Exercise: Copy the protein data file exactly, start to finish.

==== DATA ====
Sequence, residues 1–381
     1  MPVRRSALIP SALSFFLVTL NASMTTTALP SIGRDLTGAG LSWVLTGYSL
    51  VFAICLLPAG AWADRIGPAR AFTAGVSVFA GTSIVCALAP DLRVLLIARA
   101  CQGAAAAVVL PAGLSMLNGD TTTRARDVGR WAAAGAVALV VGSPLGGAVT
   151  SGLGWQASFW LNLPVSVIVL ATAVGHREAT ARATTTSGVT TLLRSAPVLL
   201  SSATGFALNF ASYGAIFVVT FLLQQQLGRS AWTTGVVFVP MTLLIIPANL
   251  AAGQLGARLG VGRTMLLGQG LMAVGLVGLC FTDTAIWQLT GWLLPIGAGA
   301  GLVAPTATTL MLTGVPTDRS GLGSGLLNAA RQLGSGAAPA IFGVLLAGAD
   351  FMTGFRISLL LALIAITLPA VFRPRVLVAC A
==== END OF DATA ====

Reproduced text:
Sequence, residues 1–381
     1  MPVRRSALIP SALSFFLVTL NASMTTTALP SIGRDLTGAG LSWVLTGYSL
    51  VFAICLLPAG AWADRIGPAR AFTAGVSVFA GTSIVCALAP DLRVLLIARA
   101  CQGAAAAVVL PAGLSMLNGD TTTRARDVGR WAAAGAVALV VGSPLGGAVT
   151  SGLGWQASFW LNLPVSVIVL ATAVGHREAT ARATTTSGVT TLLRSAPVLL
   201  SSATGFALNF ASYGAIFVVT FLLQQQLGRS AWTTGVVFVP MTLLIIPANL
   251  AAGQLGARLG VGRTMLLGQG LMAVGLVGLC FTDTAIWQLT GWLLPIGAGA
   301  GLVAPTATTL MLTGVPTDRS GLGSGLLNAA RQLGSGAAPA IFGVLLAGAD
   351  FMTGFRISLL LALIAITLPA VFRPRVLVAC A